If your dog has had a treatment with one of these drugs, the likelihood that another dog will literally ingest it is rather small. Your veterinarian will be able to tell you if the drug your dog is on is excreted in the urine.

Some drugs, like vincristine and doxorubicin, are metabolized and excreted in the feces, which may pose more of a problem.

If your dog has just had one of these drugs in a chemotherapy session, and your other dog (or any other dog) comes along and eats it, yes, there is a risk that dog would get a smaller dose of the broken down chemo metabolites.

For example, if a patient’s canine companion ate all the patient’s feces over a 72 hour period it would ingest about 30% the original dose. MUCH of that would be destroyed in the gastrointestinal tract and pooped out.

Remember it is not unchanged chemo drug being excreted, but metabolites and the risk is relatively low overall.

So again, use common-sense precautions to minimize exposure. This basically means picking up your dog’s poop as soon as it is released.

What if I’m Pregnant?

If you are pregnant, trying to become pregnant, are breast-feeding, are immunosuppressed, or are taking immunosuppressive medication:

  • Please avoid contact with any chemotherapy drugs.
  • Also, please avoid contact with your pet and your pet’s waste for a minimum of 72 hours after chemotherapy has been given.
  • Talk to your physician.

Live Long, Live Well

Dr. Sue

Leave a Comment

  1. oralia gonzalez on July 22, 2023 at 12:56 am

    we just found out our Shih Tzu has TTC (cancer in the bladder & prostate) we are confused, considering the option of shots because I have auto-immune disorder, so i trying to learn as before his first injection. his Texas oncologist has not explained very much, and I am very concerned. thanks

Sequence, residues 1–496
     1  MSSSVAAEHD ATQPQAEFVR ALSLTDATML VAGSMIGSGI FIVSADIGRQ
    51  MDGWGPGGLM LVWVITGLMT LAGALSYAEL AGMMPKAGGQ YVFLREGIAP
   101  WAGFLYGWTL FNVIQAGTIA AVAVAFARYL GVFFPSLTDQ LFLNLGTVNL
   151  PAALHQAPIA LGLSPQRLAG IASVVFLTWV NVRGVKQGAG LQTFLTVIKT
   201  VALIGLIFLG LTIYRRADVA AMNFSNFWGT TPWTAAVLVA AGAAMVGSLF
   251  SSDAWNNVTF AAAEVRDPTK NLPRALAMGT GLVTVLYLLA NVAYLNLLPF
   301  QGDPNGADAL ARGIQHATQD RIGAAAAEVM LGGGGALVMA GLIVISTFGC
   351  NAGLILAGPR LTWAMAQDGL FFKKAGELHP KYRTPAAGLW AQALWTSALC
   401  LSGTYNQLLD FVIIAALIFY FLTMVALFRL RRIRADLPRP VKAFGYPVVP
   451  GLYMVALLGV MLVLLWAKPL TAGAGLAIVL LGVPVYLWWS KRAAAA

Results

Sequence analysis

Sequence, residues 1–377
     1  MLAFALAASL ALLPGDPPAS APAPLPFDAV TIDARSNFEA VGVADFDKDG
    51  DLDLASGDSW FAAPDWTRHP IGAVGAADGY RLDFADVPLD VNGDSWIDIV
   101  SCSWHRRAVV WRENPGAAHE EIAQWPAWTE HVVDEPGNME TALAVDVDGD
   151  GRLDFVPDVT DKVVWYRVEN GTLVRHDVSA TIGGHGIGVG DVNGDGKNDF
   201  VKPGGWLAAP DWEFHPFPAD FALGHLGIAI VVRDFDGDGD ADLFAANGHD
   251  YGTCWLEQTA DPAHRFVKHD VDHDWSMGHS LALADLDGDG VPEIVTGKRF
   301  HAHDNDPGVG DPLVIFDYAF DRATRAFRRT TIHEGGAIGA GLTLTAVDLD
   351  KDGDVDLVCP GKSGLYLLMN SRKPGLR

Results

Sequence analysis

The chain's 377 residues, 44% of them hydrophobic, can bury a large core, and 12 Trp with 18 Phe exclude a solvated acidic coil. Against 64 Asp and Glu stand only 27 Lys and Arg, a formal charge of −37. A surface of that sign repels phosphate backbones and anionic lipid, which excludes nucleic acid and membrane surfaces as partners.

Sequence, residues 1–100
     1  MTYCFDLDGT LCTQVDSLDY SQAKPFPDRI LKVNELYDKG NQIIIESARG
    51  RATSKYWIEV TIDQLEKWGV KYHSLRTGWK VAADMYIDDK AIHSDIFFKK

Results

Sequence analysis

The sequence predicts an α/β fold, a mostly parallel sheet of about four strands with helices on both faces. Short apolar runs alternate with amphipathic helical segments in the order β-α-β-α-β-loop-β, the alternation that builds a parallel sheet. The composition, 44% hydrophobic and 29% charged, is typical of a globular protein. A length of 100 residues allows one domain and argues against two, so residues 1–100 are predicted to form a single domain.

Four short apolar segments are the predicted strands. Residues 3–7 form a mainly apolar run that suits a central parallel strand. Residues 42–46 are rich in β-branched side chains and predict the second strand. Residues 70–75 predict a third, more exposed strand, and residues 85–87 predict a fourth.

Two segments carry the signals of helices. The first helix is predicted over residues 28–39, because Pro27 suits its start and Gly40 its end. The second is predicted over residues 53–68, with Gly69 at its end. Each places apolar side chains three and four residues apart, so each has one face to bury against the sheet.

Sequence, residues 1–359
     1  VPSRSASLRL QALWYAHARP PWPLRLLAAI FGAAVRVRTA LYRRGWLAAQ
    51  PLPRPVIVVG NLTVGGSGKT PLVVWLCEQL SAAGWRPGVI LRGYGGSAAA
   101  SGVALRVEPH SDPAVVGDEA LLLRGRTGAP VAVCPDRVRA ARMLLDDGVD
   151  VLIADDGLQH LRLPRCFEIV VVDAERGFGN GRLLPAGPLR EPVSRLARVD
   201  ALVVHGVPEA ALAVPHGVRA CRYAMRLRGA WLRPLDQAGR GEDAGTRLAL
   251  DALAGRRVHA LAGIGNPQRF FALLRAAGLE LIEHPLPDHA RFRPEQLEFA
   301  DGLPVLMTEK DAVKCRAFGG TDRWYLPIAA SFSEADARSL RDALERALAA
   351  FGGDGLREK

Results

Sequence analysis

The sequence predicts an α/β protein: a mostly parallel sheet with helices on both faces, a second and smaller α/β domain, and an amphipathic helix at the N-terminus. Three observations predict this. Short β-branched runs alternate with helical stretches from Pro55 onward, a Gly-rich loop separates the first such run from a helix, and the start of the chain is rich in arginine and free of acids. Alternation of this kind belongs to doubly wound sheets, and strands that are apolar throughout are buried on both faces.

2. oralia gonzalez on July 22, 2023 at 12:55 am

    we just found out our Shih Tzu has TTC (cancer in the bladder & prostate) we are confused, considering the option of shots because I have auto-immune disorder, so i trying to learn as before his first injection. his Texas oncologist has not explained very much, and I am very concerned, listening to videos for knowledge. thanks

  3. Jane Kavanagh on March 2, 2023 at 8:44 am

    My dog is just of to go on chemo for lymphoma sounds a silly question but after she has had a wee on the grass in the garden I wash it down what about her paws and the paws of my other dog as they come into a carpet area do I have to wash there feet to ? Also are my small grandchild safe around them exspecially crawling or playing on the carpet area Thanku Jane

  4. Wendy Muguerza on January 29, 2023 at 6:24 pm

    I have been giving my dog Veyroyl for months now. A few months back I looked up and read about the medication. In My reading I found out that it’s a chemo medication. My dog has Cushing’s. When I spoke to my vet about it and asked her why she didn’t tell me it was a chemo medication and I have been touching it for months, but always washing my hands afterwards. I was floored that she did not know that. Can anything of happened to me touching this medicine for months. I’ve been having some medical issues lately and I’m wondering if it has any thing to do with the touching of that medication.,

  5. Chris Berch on January 12, 2023 at 10:15 am

    We have just started a dog,one of 5,on Palladia…wondering about something to wash down the cement after she pees or poops to ensure none of the others step in any residue….